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10.2. Principal Components Analysis

PCA is a mathematical technique which transforms the original image data, typically highly correlated, to a new set of uncorrelated variables called principal components.These new components are linear combinations of the original image bands and are derived in decreasing order of importance so that, for example, the first principal component accounts for as much as possible of the variation in the original data. Each principal component is called an eigenchannel. The benefits of the technique from a geological standpoint are principally that information not visible in false colour composite images can be highlighted in one of the resulting component images.

There is a high degree of correlation within the Peru images. As a result false colour composite images may not show the full range of information present in the image bands. A method of extracting subtle information within the image, such as Principal Components Analysis, will be of value in analysing this image.

Open a viewer window. Display a true colour composite image, i.e. band 1 assigned to the blue gun, band 2 to the green gun, band 3 to the red gun and a false colour composite (of channels 6,4,2). Produce a sketch map of the area.

To run the Principal Components Analysis program it is necessary to execute a program called Principal Components from the Raster tab,Resolution group and Spectral and Principal Components.

principal_compopnent

Figure 10.1 - : Prinpal Components window

Use all six input image channels and specify six 8-bit eigenchannel images to be produced (e.g. 1,2,3,4,5,6) in a file. You should also check the boxes for the Eigenvector matrix and Eigenvalues to be displayed in the session log as shown in figure 10.1.

The variance figures for each principal component are shown in the eigenvalue list. These indicate the amount of variation accounted for by each component within the feature space.You will notice that nearly 99% of the information within this feature space is found within the first two principal components (92.1% in channel 1, 6.5% in channel 2). However this does not necessarily mean that the remaining components do not contain any useful information.

Display each component as a greyscale image and examine each eigenchannel in turn. You will discover that one of the components indicates three distinct oval-shaped porphyry copper ore bodies. You may have noticed one of the ore bodies when looking at the true colour composite image, although rather less clearly defined. Add these features to your sketch map.

To determine the area of each of the ore bodies you will need to use the Measure facility from the Home tab,Information group. Define three polygons, one for each ore body. Select square kilometres as the measurement unit.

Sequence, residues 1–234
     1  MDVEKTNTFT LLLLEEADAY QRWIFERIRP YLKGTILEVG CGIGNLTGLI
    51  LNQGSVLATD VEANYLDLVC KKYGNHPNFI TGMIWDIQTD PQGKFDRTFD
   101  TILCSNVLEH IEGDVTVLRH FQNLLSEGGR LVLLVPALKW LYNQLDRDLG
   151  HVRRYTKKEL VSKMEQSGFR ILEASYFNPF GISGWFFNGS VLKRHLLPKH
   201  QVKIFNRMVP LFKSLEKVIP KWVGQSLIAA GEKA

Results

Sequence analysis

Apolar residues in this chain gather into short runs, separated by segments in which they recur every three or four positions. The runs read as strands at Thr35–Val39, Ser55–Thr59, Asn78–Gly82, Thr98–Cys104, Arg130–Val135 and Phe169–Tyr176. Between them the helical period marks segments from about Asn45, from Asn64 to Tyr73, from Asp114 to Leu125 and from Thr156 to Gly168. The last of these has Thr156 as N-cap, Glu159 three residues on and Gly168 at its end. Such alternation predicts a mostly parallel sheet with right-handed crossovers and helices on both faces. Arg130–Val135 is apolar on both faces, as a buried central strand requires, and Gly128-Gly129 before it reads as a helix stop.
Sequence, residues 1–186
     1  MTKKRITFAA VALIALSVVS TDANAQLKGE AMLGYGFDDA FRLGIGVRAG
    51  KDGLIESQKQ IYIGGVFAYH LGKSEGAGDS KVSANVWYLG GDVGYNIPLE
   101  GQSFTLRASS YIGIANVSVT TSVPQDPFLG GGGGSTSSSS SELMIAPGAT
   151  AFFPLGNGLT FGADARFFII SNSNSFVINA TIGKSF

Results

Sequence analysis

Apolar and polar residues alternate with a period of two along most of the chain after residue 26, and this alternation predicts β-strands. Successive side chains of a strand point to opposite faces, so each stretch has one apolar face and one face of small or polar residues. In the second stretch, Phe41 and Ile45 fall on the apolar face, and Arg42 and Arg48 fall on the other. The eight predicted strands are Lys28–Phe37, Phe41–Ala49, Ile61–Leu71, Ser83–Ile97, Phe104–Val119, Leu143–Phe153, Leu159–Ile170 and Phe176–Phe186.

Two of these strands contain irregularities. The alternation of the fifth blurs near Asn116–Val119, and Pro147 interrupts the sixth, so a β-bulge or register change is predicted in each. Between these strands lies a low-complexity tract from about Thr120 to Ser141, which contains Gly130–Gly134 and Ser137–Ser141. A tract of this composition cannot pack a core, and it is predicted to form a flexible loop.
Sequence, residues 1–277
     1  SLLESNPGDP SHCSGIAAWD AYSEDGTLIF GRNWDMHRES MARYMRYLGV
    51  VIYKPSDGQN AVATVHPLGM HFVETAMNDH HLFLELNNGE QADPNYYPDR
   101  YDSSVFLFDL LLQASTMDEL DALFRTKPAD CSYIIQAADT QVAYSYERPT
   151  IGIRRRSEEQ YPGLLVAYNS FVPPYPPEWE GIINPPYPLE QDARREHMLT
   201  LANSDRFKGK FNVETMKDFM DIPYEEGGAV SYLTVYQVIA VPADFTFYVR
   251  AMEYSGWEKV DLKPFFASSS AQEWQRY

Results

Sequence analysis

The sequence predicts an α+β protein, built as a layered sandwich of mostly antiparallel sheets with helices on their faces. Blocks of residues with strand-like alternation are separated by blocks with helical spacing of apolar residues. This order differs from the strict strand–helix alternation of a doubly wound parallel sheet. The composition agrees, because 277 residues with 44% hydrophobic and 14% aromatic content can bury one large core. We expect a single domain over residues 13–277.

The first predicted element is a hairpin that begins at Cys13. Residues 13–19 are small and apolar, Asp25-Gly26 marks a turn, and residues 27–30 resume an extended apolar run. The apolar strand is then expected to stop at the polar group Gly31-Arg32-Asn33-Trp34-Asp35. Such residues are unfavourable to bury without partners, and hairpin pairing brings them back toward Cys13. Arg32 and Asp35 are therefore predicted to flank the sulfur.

Additional notes

principle_component

Figure 10.2 - : Result of Principle Component Analysis - Clockwise PC 1 (Gray Scale 1), PC 2 (Gray Scale 2), PC 3 (Gray Scale 3), PC 4 (Gray Scale 4) , PC 5 (Gray Scale 5) , PC 6 (Gray Scale 6)

The principal components themselves can be explained as follows:

  • PC 1 - accounts for general changes in albedo, i.e. the reflectivity of surfaces. The component is derived from all the input bands
  • PC 2 - depicts the areas of moisture and the line of the rivers. The component is derived principally from bands 1, 2 and 3 contrasted with band 5.
  • PC 3 - picks out the areas of vegetation with the river valleys. The component is dominated by the signal from band 4, the near infrared band, contrasted with band 6.
  • PC 4 - contrasts the granites with the vegetation. The component is dominated by band 3 contrasted with bands 1 and 5.
  • PC 5 - picks out the porphyry copper ore bodies. The component is derived from band 6 and to a lesser extent band 4 contrasted with bands 5 and 3.
  • PC 6 - accounts for the residual noise or redundant information within the scene

The three porphyry copper ore bodies seen in PC 5 have the following approximate areas:

Ore body 1 4.5 km2
Ore body 2 1.3 km2
Ore body 3 1.4 km2

where ore body 1 is at the top left of the image and ore body 3 at the bottom right. Ore body 1 is of a workable size, the other ore bodies are currently sub-economic.

As an additional task you may wish to attempt to derive a geological map using an unsupervised cluster analysis or supervised maximum likelihood classification. In this case it would be sensible to choose three or four of the principal component images. From the properties of the components above it would be best to choose components 5, 4, 2 and possibly 1. Note that this exercise shows another benefit of using Principal Components Analysis, namely the reduction of data without loss of information, prior to classification.